“Come on, cruise with me, baby, know that it would be such a thrill, cruisin’ in my automobile…”
Marty Balin — who founded the Jefferson Airplane, left, then returned to play a role in the mid-’70s Jefferson Starship retooling — wrote and sang this upbeat tribute to the joy of just driving around.
“Drive My Car,” The Beatles, 1965
“I got no car and it’s breaking my heart, but I’ve found a driver and that’s a start…”
The original lyrics of this McCartney tune were, “Baby, you can wear my ring,” but Lennon nixed that and made it a double entendre about cars and sex, complete with the sassy “beep beep mm beep beep, yeah!”
“I’m in Love With My Car,” Queen, 1975
“With the pistons a-pumpin’ and the hubcaps all gleam, when I’m holding your wheel, all I hear is your gear…”
It wasn’t Freddie Mercury but drummer Roger Taylor who wrote and sang this nasty song from the band’s “A Night at the Opera” LP that compares driving with sex.
“Dead Man’s Curve,” Jan and Dean, 1963
“We both popped the clutch when the light turned green, you shoulda heard the whine from my screamin’ machine…”
This song’s soap opera lyrics mention Sunset Boulevard and Vine, Crescent Heights and Doheny Drive to pinpoint real-life Los Angeles locales where numerous car wrecks have occurred.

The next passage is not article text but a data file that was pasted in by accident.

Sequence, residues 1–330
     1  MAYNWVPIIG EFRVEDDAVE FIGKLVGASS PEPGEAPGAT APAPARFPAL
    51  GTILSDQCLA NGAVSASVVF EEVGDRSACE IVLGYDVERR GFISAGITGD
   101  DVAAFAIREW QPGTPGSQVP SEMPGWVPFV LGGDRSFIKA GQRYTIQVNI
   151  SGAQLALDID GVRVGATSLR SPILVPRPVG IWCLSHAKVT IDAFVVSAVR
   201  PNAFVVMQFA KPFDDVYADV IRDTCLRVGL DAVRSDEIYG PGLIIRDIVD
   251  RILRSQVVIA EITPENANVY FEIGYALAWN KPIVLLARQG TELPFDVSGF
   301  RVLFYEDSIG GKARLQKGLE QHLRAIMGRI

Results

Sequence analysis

“Low Rider,” War, 1975
“Low rider don’t use no gas now, the low rider don’t drive too fast…take a little trip and see…”
The “low rider” — the practice in Chicano culture of hydraulically hot-rodding classic cars — is the focus of the lyric, which uses suggestive innuendo as well. It was a #7 hit, written by the band War, and carried by a sax riff and Howard Scott’s gruff vocals.
“Moonlight Drive,” The Doors, 1967
“Come on, baby, gonna take a little ride, down, down by the ocean side…”
This eerie tune was one of Jim Morrison’s first compositions, which alluded to a late-night drive and accidental drowning. Keyboard player Ray Manzarek was taken by Morrison’s poetic imagery, and they soon formed The Doors, one of the major late Sixties bands.
“Drivin’,” Pearl Harbour and the Explosions, 1979
“Back on the streets where it feels so right, I’m only drivin’, I know I got no place to go…”
This San Francisco-based New Wave band came up with a fun, mindless tune with a contagious beat, that happens to be just perfect for a road trip. It managed to creep into the Top 40 for a couple weeks in the early months of 1980.
“Fire,” Bruce Springsteen, 1978
“I’m drivin’ in my car, I turn on the radio, I’m pullin’ you close, but you just say no…”
The Boss wrote this smoldering tune about lust, but it didn’t fit the theme of his “Darkness on the Edge of Town” LP that year, so he left it off, but played it live all the time. The Pointer Sisters ended up scoring a #2 hit with it in early 1979.
“Freeway of Love,” Aretha Franklin, 1984
“With the radio playing our song, we keep rolling on, who knows how far a car can get before you think about slowin’ down, yeah…”